Evaluating the Toronto Blue Jays starting pitching using FIP


Jul 25, 2013; Toronto, Ontario, CAN; Toronto Blue Jays starting pitcher Mark Buehrle (56) is congratulated by manager John Gibbons (5) after his complete-game victory against the Houston Astros at Rogers Centre. The Blue Jays beat the Astros 4-0. Mandatory Credit: Tom Szczerbowski-USA TODAY Sports

I have a dream, that one day I will be watching a baseball game and instead of seeing a pitcher’s ERA flash up on the stadium’s scoreboard I will see in its place his FIP. In this day of advanced baseball statistics, there are many different ways to evaluate a pitcher using game scores or RA9-WAR but Fielding Indepedent Pitching (FIP) is still one of my favourites. In case you aren’t familiar with FIP, here’s a quick tutorial.

ERA still exists these days of course. And I’m not saying that it doesn’t matter, since it basically calculates how many earned runs a pitcher allows per nine innings, which if lower obviously means your team has a better chance to win. But ERA isn’t always controllable by a pitcher. It can be impacted by a fielder’s range, the speed of a batter and/or a multitude of other factors. FIP is a preferred method to evaluate and predict performance since it isolates only outcomes the pitcher controls, which are home runs, walks, hit by pitches and strikeouts.

FIP eliminates certain plays that shouldn’t be credited to the pitcher. For example, how many times this season did we see Melky Cabrera not get to a ball in time to catch it that an average fielder would have? It’s not technically an error but once the ball is put into play, unless it leaves the park, a pitcher is at the mercy his defense.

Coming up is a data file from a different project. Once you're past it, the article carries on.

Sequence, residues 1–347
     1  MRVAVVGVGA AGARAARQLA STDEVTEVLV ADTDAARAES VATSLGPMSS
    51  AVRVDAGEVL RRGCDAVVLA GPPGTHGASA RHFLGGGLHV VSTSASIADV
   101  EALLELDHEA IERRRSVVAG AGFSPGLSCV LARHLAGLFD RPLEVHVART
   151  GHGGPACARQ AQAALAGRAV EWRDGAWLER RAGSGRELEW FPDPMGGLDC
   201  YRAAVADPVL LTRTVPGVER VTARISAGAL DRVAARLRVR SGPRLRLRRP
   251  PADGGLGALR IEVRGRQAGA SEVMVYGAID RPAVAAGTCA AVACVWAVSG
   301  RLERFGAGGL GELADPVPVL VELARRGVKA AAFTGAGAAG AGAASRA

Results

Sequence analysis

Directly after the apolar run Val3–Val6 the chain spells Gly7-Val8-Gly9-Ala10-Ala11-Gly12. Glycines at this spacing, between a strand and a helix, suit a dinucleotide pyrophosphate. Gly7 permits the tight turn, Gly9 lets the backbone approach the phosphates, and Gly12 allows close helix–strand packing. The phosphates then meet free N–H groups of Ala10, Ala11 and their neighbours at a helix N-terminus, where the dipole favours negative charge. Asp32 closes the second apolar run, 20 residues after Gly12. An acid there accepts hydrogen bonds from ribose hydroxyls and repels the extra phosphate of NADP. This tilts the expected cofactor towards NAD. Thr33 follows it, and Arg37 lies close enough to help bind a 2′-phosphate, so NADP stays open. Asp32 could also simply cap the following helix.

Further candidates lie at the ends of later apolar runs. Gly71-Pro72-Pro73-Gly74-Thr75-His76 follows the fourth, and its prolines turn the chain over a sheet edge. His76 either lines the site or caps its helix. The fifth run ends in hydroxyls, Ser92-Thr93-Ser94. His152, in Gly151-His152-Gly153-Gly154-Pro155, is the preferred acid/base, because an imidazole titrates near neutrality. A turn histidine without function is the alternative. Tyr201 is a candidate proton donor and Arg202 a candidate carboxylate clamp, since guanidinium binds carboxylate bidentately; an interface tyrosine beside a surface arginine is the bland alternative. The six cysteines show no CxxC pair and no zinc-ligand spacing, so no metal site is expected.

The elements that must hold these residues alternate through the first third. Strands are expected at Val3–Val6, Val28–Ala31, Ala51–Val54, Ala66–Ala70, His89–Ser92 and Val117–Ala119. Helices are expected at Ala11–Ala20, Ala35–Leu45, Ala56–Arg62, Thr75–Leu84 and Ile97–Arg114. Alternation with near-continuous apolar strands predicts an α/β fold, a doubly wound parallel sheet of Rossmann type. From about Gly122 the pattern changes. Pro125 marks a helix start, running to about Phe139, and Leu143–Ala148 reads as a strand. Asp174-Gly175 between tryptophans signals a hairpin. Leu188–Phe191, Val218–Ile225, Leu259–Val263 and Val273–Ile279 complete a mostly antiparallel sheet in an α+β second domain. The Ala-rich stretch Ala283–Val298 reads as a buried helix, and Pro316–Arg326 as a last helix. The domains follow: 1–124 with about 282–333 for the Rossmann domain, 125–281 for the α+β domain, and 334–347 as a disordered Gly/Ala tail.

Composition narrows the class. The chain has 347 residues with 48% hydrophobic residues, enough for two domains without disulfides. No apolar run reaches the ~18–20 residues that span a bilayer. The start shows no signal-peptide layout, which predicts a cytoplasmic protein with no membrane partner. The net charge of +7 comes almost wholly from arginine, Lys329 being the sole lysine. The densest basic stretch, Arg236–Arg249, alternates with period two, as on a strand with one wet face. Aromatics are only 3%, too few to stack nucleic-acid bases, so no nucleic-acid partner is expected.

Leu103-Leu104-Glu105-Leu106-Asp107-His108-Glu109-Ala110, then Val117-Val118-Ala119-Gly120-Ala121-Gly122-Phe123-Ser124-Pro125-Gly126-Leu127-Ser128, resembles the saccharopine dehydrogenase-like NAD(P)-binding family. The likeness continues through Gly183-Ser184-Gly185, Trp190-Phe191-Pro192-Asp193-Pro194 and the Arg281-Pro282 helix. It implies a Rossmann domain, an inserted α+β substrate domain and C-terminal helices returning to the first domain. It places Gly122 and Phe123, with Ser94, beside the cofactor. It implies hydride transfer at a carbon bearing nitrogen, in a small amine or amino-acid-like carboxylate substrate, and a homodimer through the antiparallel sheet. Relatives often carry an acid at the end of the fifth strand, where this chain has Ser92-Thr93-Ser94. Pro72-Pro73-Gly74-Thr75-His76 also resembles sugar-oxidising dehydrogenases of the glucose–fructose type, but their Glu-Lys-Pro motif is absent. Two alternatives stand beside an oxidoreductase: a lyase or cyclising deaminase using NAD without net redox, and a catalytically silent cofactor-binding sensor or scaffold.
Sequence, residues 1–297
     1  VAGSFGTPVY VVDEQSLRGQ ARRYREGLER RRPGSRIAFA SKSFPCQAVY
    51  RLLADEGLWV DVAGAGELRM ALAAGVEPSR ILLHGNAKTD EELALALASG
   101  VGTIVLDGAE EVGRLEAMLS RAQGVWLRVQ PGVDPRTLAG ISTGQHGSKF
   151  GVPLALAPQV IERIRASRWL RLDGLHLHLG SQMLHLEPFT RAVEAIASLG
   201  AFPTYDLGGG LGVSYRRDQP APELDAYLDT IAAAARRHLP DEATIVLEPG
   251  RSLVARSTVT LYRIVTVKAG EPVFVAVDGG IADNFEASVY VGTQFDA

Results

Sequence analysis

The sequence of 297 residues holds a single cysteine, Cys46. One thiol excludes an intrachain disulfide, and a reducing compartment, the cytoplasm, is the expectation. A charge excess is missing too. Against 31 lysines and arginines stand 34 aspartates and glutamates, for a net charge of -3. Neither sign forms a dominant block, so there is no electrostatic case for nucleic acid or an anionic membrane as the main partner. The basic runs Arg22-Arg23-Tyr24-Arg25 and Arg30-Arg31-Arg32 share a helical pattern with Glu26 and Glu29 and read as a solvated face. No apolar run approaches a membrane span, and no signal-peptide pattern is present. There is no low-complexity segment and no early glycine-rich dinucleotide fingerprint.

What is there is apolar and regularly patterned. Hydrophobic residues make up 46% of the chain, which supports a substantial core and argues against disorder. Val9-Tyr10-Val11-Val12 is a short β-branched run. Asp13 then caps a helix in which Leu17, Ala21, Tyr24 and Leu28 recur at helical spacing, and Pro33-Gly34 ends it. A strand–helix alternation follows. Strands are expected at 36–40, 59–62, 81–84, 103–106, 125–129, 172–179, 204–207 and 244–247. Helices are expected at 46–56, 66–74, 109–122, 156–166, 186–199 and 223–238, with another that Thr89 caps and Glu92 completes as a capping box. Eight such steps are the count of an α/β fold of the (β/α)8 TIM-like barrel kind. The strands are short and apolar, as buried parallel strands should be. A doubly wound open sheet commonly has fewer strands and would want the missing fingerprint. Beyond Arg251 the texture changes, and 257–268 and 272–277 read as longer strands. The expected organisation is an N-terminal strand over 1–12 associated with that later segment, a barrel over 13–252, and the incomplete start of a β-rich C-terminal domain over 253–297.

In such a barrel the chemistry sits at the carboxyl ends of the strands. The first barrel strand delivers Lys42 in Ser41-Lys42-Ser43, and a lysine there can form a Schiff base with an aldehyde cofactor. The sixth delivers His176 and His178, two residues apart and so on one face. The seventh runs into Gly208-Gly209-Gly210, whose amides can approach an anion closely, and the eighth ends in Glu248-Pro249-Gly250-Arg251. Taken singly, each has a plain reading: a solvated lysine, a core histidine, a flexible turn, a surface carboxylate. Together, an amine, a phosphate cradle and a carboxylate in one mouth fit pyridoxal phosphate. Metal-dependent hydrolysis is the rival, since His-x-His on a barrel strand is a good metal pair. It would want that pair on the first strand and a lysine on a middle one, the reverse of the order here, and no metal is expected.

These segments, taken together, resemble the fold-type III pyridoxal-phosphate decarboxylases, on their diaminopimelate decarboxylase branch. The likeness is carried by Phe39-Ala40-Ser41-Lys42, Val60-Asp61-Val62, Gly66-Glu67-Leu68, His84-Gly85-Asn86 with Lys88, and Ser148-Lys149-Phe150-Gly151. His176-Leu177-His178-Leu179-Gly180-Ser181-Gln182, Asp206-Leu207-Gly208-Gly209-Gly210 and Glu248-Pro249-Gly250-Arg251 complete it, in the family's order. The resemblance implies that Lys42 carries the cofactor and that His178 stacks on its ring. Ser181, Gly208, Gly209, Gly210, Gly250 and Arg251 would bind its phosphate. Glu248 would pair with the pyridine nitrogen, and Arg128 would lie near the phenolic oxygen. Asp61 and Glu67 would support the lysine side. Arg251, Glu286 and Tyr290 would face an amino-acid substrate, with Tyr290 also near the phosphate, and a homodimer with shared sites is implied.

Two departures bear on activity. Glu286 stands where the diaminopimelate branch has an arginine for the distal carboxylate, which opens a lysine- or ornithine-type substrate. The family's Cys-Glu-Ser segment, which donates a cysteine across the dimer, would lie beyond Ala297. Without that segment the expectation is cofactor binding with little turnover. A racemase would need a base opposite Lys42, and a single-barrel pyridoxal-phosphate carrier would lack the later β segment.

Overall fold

It goes the other way too of course, like when Brett Lawrie robs a hot-shot down the line that would have been a hit if the Blue Jays had Maicer Izturis at third. The pitcher gets the out, but Lawrie was the player who potentially saved a run.

I think you get the point. Well then, enough for my preamble and let’s get to the goods! I’ve listed the Toronto Blue Jays starting pitchers by in order by FIP and will attempt to briefly interpret the factors leading to these results.

I’m making the cut off for my list at an arbitrary 60 innings, mostly so I don’t have to include Brandon Morrow, who fellow staff writer Kyle Matte wrote about so eloquently yesterday.

Mark Buehrle – 3.97 FIP

Buehrle’s has been about the only Blue Jays pitcher that most of us can stomach on a regular basis and his FIP holds up. He’s increased his strikeout efficiency for the second consecutive season, which comes as a bit of a surprise considering that he isn’t exactly in his prime at 34. Or maybe he is? His K% this year is 16.1%, which just a shade off his career mark as a starter in 2000 of 16.2%. He’s walked slightly more batters than average (6% this year vs. 5.5% career, which are both great numbers) but has also allowed less home runs per nine at 0.97, which is actually quite remarkable considering he gave up six home runs in April and five more in May. End of the day his FIP is better this season than his career average of 4.13. And with a 10% HR/FB rate his xFIP is almost identical at 4.06. Marky Mark is the man.

J.A. Happ – 4.52 FIP